The Unseen Guest

The Unseen Guest

Paperback - 2013
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Baker & Taylor
Miss Penelope Lumley embarks on an investigation into the mysteries surrounding the incorrigible children, Lord Ashton, the forests of Ashton Place, and her own past.

HARPERCOLL

Of especially naughty children it is sometimes said, "They must have been raised by wolves."

The Incorrigible children actually were.

Since returning from London, the three Incorrigible children and their plucky governess, Miss Penelope Lumley, have been exceedingly busy. Despite their wolfish upbringing, the children have taken up bird-watching, with no unfortunate consequences—yet. And a perplexing gift raises hard questions about how Penelope came to be left at the Swanburne Academy for Poor Bright Females and why her parents never bothered to return for her.

But hers is not the only family mystery to solve. When Lord Fredrick's long-absent mother arrives with the noted explorer Admiral Faucet, gruesome secrets tumble out of the Ashton family tree. And when the admiral's prized racing ostrich gets loose in the forest, it will take all the Incorrigibles' skills to find her.

The hunt for the runaway ostrich is on. But Penelope is worried. Once back in the wild, will the children forget about books and poetry and go back to their howling, wolfish ways? What if they never want to come back to Ashton Place at all?



Publisher: New York : HarperCollins Children's ; Enfield : Publishers Group UK [distributor], 2013
ISBN: 9780061791192
0061791199
Branch Call Number: Fiction Wood Pbk CHILD
Characteristics: 340 p. ; 20 cm
Additional Contributors: Klassen, Jon - Illustrator

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mvkramer Nov 07, 2015

I love this series! Whimsical and witty, with an intriguing mystery to keep you going from book to book. In this volume, the Incorrigibles and Miss Lumley go out into the wilderness to find a lost ostrich - and uncover more questions about the children's background.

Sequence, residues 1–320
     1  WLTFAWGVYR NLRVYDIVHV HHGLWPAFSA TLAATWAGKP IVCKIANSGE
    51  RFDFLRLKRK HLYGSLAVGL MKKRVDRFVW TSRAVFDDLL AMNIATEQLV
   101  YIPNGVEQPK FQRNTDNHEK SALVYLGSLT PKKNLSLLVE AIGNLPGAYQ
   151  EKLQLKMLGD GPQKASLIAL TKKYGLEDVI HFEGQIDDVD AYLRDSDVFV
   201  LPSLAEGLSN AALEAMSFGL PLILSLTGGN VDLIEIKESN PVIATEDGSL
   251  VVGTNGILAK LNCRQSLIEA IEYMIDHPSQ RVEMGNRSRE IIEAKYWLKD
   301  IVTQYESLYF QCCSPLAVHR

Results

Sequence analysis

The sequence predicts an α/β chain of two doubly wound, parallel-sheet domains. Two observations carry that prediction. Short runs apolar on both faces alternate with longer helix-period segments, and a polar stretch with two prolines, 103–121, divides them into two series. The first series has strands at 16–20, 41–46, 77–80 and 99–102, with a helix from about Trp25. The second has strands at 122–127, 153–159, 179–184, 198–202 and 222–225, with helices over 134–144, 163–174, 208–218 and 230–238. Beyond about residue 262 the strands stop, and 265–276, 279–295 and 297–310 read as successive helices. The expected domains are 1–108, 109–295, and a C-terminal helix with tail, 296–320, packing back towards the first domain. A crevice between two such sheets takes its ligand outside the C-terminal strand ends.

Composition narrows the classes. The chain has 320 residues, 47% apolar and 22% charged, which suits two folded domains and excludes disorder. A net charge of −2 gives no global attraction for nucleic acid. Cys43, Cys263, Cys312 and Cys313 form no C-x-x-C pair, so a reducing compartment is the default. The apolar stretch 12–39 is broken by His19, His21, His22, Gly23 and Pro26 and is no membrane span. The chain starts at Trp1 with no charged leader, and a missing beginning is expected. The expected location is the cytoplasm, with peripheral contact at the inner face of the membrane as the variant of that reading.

QueenBoadicea Aug 11, 2015

The plot thickens, simmers and—gets a little overdone. The mystery of the Incorrigible children gets no closer to a solution although the questions continue to accumulate. Mr. Quinzy (who was revealed to be a bogus judge with the previous installment) has a plot concerning the children but it’s not clear as to why or what is involved. Suffice it to say, the zaniness of the story gets a decided jolt as the characters encounter an escaped ostrich, not-so-feral wolves, a botched séance, a scheming fortune hunter and a picnic basket of replenishing sandwiches.

New characters are introduced, old ones reappear and through it all the capable Miss Penelope Lumley manifests the same steadiness of character that has defined her in the two previous books. The Giddyap, Rainbow! series that she relied upon has started to lose its appeal by this third book and the author is cannily aware of that fact. Just as the reader starts getting bored and a little irked by the constant references to it, so does Miss Lumley. The heroine is getting older, maturing and learning to put aside childish things.

She is an admirable character, one to keep watching and reading. I look forward to reading about her as much as about her curious charges.

FindingJane Aug 11, 2015

The plot thickens, simmers and—gets a little overdone. The mystery of the Incorrigible children gets no closer to a solution although the questions continue to accumulate. Mr. Quinzy (who was revealed to be a bogus judge with the previous installment) has a plot concerning the children but it’s not clear as to why or what is involved. Suffice it to say, the zaniness of the story gets a decided jolt as the characters encounter an escaped ostrich, not-so-feral wolves, a botched séance, a scheming fortune hunter and a picnic basket of replenishing sandwiches.